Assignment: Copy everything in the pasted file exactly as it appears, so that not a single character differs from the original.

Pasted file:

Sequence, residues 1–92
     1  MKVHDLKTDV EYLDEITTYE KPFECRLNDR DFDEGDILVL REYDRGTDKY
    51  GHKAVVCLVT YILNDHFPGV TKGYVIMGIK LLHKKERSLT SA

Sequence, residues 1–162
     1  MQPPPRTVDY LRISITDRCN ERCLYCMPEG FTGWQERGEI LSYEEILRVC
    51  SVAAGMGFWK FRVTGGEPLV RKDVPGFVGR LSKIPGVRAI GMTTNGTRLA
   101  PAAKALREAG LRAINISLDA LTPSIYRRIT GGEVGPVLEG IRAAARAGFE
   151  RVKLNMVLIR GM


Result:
Sequence, residues 1–92
     1  MKVHDLKTDV EYLDEITTYE KPFECRLNDR DFDEGDILVL REYDRGTDKY
    51  GHKAVVCLVT YILNDHFPGV TKGYVIMGIK LLHKKERSLT SA

Sequence, residues 1–162
     1  MQPPPRTVDY LRISITDRCN ERCLYCMPEG FTGWQERGEI LSYEEILRVC
    51  SVAAGMGFWK FRVTGGEPLV RKDVPGFVGR LSKIPGVRAI GMTTNGTRLA
   101  PAAKALREAG LRAINISLDA LTPSIYRRIT GGEVGPVLEG IRAAARAGFE
   151  RVKLNMVLIR GM